An additional thing I've found helpful is a whiteboard calendar. I like being able to see the month ahead and have it all laid out, rather than digital reminders or a paper planner. 

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If you aren't familiar already, I would try to play around with google drive/google docs. Its great for group work, which you can expect to do a non-insignificant amount of.

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1 hour ago, lawstudent20202020 said:

I highly recommend a dual monitor workstation at home with a proper keyboard. Either a desktop or something you can hook up to a laptop works.

Also, cloud storage for your notes. Hard drives die and laptops get stolen, you don't want to be losing your notes if that happens.

^Endorsed.

Cloud storage is also great for being able to work on the same documents on your dual monitor workstation and your laptop. I think I pay ~$2/month for 250gb of storage through MS One Drive. It is well worth it.

Edited by flyingfish
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13 minutes ago, LabouriousCorvid said:

I would try to play around with google drive/google docs

I've found google drive to ruin the formatting when converting back to word files, so I've been using Onedrive for group projects. Although google drive is better overall IMO, the formatting issues with word aren't worth it 

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I built a PC during quarantine and plan on having it as my work space "home base". If you're willing to put in the time it can be a lot cheaper to build a quality PC than buy one that's pre-built. 

I'm definitely investing in a second monitor once I start school! It's a great asset for productivity - being able to have a reading open on one page while your notes are open on the other is a game changer.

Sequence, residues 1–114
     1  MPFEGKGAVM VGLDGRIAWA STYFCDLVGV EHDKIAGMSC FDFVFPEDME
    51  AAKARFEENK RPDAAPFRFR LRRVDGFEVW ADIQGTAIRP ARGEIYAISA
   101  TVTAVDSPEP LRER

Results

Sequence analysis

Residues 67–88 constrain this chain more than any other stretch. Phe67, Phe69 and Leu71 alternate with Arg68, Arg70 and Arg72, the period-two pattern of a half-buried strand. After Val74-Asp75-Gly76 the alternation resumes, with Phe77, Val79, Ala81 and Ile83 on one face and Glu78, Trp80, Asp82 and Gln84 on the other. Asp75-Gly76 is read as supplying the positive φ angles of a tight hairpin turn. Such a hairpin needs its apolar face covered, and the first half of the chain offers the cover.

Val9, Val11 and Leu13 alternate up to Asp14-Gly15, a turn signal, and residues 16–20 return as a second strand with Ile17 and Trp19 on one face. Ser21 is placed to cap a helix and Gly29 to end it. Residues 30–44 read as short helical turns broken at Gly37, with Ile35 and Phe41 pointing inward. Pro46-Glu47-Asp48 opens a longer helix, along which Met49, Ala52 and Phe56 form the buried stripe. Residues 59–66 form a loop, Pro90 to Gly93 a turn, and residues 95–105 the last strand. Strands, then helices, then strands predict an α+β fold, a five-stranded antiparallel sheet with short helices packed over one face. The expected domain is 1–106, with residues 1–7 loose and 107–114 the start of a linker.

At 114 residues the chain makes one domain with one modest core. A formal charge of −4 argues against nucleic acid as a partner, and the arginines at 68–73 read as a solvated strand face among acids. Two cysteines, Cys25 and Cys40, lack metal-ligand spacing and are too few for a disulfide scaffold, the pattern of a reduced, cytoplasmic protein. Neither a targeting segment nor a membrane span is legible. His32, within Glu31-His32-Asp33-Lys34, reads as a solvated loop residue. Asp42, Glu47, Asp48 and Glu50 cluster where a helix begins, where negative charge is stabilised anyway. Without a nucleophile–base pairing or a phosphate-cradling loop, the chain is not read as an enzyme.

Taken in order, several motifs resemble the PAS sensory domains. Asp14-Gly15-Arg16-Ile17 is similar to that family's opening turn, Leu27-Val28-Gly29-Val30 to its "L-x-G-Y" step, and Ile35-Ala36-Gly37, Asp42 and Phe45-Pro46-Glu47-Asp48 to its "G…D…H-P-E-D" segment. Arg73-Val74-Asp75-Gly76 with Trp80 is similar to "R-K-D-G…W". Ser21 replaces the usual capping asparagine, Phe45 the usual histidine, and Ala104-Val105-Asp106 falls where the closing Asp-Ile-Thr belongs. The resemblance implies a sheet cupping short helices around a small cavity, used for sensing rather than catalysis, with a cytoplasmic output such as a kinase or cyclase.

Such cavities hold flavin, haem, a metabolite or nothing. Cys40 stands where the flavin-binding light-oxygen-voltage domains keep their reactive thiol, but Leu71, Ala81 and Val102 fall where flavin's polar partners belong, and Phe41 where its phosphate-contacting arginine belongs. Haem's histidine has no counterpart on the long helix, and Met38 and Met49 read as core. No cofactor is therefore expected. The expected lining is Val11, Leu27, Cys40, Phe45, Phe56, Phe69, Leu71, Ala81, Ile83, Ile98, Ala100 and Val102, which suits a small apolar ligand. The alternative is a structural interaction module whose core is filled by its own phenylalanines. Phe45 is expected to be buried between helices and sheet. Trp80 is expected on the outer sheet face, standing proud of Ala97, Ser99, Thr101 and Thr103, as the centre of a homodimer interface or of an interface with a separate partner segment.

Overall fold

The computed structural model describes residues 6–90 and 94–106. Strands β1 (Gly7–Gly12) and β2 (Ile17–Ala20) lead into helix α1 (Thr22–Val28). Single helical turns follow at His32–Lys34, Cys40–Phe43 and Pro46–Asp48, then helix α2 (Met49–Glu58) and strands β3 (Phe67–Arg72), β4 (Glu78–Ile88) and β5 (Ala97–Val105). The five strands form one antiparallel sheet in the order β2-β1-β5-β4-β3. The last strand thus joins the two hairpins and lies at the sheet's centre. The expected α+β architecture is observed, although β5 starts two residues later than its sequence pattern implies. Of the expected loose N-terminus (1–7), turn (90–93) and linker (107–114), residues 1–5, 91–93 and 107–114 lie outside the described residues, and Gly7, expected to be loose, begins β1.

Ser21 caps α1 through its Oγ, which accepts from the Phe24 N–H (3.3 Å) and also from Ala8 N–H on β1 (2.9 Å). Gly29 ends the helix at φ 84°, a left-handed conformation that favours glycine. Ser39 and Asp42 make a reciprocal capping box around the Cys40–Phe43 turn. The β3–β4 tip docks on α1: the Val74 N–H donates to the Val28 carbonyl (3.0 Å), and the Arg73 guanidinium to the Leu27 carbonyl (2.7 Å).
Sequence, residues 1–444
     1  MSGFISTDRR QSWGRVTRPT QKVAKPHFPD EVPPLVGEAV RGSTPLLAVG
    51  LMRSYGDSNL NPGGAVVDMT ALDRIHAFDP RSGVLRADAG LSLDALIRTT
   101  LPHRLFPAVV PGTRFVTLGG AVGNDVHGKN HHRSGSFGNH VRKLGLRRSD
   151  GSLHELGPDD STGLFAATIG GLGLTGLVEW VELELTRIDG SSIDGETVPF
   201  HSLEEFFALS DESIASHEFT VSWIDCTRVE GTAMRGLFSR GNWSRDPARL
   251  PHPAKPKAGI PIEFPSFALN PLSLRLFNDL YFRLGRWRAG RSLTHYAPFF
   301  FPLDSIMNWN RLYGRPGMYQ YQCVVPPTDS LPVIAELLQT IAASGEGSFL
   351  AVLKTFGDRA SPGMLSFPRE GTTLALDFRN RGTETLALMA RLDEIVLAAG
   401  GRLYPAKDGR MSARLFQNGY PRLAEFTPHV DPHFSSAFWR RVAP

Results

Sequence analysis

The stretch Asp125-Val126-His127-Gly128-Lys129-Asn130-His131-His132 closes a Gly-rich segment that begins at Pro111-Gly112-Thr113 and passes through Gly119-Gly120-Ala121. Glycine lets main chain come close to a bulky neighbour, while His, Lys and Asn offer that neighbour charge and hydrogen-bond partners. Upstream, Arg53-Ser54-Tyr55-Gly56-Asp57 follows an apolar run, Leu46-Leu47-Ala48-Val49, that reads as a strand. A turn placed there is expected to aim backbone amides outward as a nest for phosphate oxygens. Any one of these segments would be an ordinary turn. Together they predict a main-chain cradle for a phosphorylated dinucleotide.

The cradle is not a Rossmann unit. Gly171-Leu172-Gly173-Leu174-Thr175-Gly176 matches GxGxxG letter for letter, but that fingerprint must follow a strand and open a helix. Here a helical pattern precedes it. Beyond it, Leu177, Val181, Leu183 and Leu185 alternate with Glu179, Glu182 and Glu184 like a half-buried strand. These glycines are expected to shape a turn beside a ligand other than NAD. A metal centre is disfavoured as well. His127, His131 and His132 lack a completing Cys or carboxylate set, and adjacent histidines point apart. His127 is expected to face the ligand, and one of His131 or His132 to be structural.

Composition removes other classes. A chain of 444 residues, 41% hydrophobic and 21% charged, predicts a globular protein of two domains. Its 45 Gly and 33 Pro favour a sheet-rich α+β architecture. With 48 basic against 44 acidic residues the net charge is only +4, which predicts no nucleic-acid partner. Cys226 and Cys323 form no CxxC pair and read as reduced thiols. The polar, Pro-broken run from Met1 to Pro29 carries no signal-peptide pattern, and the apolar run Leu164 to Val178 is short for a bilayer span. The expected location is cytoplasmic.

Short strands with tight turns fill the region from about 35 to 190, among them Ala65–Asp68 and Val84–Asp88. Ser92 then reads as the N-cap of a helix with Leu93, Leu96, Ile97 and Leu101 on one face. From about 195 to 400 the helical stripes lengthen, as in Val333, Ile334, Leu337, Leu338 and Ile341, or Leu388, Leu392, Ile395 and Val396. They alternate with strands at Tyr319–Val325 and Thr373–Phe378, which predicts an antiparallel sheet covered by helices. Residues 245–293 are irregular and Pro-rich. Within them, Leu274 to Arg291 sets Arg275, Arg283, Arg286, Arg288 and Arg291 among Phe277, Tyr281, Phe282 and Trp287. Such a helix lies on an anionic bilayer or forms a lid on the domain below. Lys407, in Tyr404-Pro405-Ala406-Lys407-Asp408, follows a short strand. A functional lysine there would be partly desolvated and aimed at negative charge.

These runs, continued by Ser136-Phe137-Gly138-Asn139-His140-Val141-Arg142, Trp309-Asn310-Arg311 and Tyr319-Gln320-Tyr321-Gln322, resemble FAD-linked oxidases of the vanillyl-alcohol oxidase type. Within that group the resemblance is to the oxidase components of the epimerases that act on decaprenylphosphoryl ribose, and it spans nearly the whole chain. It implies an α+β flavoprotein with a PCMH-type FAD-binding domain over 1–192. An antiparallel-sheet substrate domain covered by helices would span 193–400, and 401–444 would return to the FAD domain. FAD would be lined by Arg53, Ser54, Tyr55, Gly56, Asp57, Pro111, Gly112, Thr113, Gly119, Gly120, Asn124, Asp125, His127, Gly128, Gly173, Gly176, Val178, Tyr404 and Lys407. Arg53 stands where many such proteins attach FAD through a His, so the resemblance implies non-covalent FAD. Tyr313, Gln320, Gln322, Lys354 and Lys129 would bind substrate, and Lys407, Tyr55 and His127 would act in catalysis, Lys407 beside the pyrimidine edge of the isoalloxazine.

During undergrad I brought a half-decent laptop to school every day that I'd use to take notes. Nothing crazy, just one small enough to carry around in my backpack and functional enough to open Google Docs and the prof's PowerPoint. I'll bring that to school on the daily and use my desktop while at home.

In first year Uni I tried writing by hand for a bit because every prof swore up and down that it made you remember things better. In the end, I couldn't write fast enough to get everything down and just ended up with hand cramps. That's just me though! YMMV.

Also - I use Google Drive, Google Docs, Google Slides and Google Sheets for basically everything. That's personal preference; they're free and tend to be less of a pain than some Microsoft programs like Word.

As for backpacks I've had a few classic ones that have lasted years! I'll keep using those until they fall apart 😛

Edited by Firecracker
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Copy/pasting a previous comment I made on this topic:

Some of the things I found helpful through my law degree:

  • An extra computer screen for productivity (only helpful if you study at home) [SERIOUSLY - productivity is significantly improved when you have 2 screens]
  • A good, simple coffee machine
  • A textbook stand! Easily fits into your bag and literally saves your neck when reading/taking notes from a textbooks
  • Reusable travel mugs/water bottles.
  • Highlighters (if you like to highlight notes/textbooks).
  • Sticky notes/tabs (get the rigid plastic tabs for tabbing your notes - they're must better than paper sticky notes when it comes to flipping pages)
  • A reliable printer (depending on your school, TRU has free printers everywhere if you bring your own paper)
  • A handful of nice pens (Pilot, Zebra, Parker, etc. - I used a Pilot Metropolitan and a Parker Jotter but there are much cheaper options)

I bought several notepads/books before 1L and literally never used them due to the dominance of laptops.

Also, most universities provide MS Office 365 for free for the entirety of your degree, including some OneDrive space. Dropbox and Google Drive also offer a decent amount of free cloud storage. I personally pay $2 USD/month for 100gb of Google Drive storage.

On the topic of bags, I will always be a proponent of backpacks for school. They're simply better for your back. I wish I could wear a backpack to the office. I kind of resent that backpacks aren't considered "work" appropriate.

EDIT: Shout out to Xodo for being the most useful (free) PDF reader/editor available. You can download the reader for your computer/phone AND the web app lets you re-arrange and combine PDF pages.

Edited by canuckfanatic